Eugene Lee stars as August Wilson in “How I Learned What I Learned” at Round House Theatre. (Grace Toulotte)

Welcome to the church of August Wilson. The playwright himself is in the pulpit, telling colorful and often funny tales about coming of age in Pittsburgh’s Hill District. He thunders righteously at injustice, and you can trust every anecdote to finish with a life lesson or a fervent moral.

Wilson died in 2005, but not before performing the memoir “How I Learned What I Learned” himself. The 80-minute show, now at the Round House Theatre and acted with Wilsonian authority by Eugene Lee, will please Wilson fans detecting in these character-rich stories the roots of his great plays — “Fences,” “Joe Turner’s Come and Gone” and “Jitney” among them.

David Gallo’s lovely design puts Wilson on a rough platform in front of hundreds of manuscript pages that seem to float magically. Names and subjects are sometimes projected (to the hard sound of a typewriter) onto those sheets, organizing the show’s memories. The stories portray the artist as a combative young man — for instance, Wilson gets a job and quits before he even starts, because the boss insultingly says he’d better not steal anything. The young man’s salty goodbye is delicious.

Lee plays Wilson with gruff take-it-or-leave-it integrity; like Troy Maxson in “Fences,” he doesn’t seem worried about whether you like him. You do like him, though. He’s a rascal, as he says late enough in the play that you know exactly what he means, having messed with another man’s wife and reasoned his way out of a potentially violent end. He has such a great eye for people that his proud mother and an addict friend — to take only two examples — become utterly vivid.

Again, much of it sounds like a Wilson play, and if you want evidence you can turn to the 1st Stage production of “Ma Rainey’s Black Bottom.” It’s the 1920s entry in Wilson’s “Decades” cycle, dealing with the legendary blues singer Rainey during a testy recording session organized by stingy, slippery white producers.

The rehearsal room is where Wilson’s richest characters idle and collide, telling stories about how they learned what they learned. Clayton Pelham Jr. is the fiery horn player Levee, and Michael Anthony Williams is his philosophical opposite, the pianist Toledo. The tales they tell cut deep: They’re drawing different lessons while being pressured by the producers, which leads to one of the most shocking endings in the Wilson canon.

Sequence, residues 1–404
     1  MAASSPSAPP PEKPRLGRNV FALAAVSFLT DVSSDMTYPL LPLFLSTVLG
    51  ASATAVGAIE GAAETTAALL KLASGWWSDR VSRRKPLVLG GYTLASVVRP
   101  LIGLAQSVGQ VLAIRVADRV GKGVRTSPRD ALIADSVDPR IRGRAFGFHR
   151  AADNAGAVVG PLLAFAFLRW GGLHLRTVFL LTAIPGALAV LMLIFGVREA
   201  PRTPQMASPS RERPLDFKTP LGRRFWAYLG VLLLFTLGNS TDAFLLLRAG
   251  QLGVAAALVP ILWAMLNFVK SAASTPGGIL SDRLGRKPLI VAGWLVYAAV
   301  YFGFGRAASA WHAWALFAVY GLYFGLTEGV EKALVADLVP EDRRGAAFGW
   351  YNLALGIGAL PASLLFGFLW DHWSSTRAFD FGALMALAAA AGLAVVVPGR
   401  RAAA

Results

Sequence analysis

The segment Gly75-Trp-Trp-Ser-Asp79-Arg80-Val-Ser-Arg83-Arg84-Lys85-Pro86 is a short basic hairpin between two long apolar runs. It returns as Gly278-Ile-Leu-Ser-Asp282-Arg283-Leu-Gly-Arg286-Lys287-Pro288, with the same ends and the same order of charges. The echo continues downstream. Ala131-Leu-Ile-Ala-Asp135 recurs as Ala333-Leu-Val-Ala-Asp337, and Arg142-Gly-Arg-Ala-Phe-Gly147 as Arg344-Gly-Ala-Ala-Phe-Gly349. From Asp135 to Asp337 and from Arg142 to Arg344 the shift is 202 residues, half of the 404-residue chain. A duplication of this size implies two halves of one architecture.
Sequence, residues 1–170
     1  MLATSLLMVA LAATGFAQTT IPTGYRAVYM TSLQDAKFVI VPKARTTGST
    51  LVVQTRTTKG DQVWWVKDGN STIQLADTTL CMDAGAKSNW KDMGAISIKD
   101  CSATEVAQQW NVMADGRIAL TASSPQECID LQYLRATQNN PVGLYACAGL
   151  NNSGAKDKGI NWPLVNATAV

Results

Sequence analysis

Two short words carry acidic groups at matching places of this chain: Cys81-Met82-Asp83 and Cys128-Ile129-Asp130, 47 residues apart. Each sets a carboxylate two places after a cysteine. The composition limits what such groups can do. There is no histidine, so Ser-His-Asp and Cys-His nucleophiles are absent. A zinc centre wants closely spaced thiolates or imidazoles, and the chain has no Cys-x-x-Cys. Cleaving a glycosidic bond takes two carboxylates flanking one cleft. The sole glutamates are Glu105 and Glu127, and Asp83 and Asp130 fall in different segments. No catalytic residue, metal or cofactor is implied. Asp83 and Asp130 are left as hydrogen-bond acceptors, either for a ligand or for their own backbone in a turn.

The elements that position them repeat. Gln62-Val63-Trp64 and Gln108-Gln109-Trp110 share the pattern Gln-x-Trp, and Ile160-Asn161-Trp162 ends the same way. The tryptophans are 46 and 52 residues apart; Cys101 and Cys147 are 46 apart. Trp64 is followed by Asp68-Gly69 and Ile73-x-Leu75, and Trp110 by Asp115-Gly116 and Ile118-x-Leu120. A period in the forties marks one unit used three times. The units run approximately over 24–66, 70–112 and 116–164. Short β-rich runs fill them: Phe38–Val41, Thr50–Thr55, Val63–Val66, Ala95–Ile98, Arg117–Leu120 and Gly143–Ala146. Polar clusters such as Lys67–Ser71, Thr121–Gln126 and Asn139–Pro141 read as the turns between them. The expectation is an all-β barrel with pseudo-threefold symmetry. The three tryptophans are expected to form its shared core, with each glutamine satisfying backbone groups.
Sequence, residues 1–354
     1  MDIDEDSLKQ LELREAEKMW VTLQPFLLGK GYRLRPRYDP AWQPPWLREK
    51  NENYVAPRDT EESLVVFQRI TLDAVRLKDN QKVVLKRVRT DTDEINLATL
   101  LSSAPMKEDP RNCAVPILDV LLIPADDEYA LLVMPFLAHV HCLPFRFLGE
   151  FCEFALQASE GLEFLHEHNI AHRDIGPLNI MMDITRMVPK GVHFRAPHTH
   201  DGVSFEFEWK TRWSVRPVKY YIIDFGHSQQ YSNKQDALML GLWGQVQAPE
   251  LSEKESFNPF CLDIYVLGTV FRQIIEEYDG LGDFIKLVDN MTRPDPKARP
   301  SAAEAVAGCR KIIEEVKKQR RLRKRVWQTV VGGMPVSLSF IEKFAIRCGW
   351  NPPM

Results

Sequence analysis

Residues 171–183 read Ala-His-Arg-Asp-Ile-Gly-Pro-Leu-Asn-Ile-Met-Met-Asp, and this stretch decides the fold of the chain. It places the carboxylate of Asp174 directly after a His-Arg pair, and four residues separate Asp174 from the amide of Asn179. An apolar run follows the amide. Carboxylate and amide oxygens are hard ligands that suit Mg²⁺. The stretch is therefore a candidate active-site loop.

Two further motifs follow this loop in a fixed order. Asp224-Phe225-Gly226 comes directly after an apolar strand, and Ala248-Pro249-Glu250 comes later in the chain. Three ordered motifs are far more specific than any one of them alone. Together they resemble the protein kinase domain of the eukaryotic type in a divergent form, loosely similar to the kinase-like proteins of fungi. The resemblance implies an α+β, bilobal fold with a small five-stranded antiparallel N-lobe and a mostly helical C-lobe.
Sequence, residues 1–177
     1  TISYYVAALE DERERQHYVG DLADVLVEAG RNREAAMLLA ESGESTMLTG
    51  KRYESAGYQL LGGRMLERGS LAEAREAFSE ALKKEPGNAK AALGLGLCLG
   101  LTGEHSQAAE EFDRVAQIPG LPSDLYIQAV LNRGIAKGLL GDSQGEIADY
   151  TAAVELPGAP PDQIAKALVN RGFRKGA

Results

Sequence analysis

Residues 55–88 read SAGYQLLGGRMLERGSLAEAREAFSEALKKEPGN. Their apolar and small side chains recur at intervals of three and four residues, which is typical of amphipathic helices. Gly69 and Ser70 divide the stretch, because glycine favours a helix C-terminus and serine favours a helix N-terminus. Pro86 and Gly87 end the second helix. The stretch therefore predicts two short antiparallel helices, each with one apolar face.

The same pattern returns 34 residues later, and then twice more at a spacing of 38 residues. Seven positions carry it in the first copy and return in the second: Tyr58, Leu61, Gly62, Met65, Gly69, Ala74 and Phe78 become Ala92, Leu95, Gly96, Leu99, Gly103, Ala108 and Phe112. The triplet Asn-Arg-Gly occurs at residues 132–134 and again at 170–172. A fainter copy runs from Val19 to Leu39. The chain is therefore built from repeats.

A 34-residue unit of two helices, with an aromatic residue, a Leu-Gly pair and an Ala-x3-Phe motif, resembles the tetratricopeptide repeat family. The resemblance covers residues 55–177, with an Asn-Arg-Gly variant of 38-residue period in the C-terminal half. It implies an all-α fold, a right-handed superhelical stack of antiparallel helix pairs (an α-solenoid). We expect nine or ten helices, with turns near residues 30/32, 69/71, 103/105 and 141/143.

Clayton Pelham Jr. in August Wilson’s “Ma Rainey's Black Bottom” at 1st Stage. (Teresa Castracane)

Deidra LaWan Starnes directs, and Starnes, an accomplished actor herself, has a keen ear for the counterpunching voices of the four men in Rainey’s band (William T. Newman Jr. is the wise trombonist Cutler, and Jason B. McIntosh is the easygoing bassist Slow Drag). Thomascena Nelson is reasonably imperious as Rainey, while Tracey Farrar slinks around like trouble in a silk dress as Rainey’s disloyal girlfriend, Dussie Mae. It’s an early Wilson play, but at the opening performance you could see it scorching young ears getting a first taste of the earthy language and outsize characters.

“How I Learned” is co-conceived and directed by Todd Kreidler, who helped Wilson shape the material and directed the playwright in the premiere. Wilson’s widow, Constanza Romero, is a creative consultant, and she designed the costumes. Lee, a longtime Wilson actor, channels Wilson’s fearlessness, thirst for knowledge and poet’s eye for his surroundings — as the sagas unfold, you believe Lee saw and did it all.

That’s a lot of firsthand August Wilson experience putting together this tribute (which has appeared at other theaters around the country). So Wilson buffs, take note. It won’t feel this immediate forever.

How I Learned What I Learned , adapted and directed by Todd Kreidler. Lights, Thom Weaver; sound design, Dan Moses Schreier. Through July 3 at Round House Theatre, 4545 East-West Hwy., Bethesda. Tickets $36-$65. Call 240-644-1100 or visit roundhousetheatre.org.

Ma Rainey’s Black Bottom , by August Wilson. Directed by Deidra LaWan Starnes. Set, Kathryn Kawecki; costumes, Debra Kim Sevigny; lights, John D. Alexander; sound design, Reid May. With William Aitken, Tendo Nsubuga, Joe Palka and Joshua Witt. About two hours and 40 minutes. Through June 25 at 1st Stage, 1524 Spring Hill Rd., McLean. Tickets $30. Call 703-854-1856 or visit 1ststagetysons.org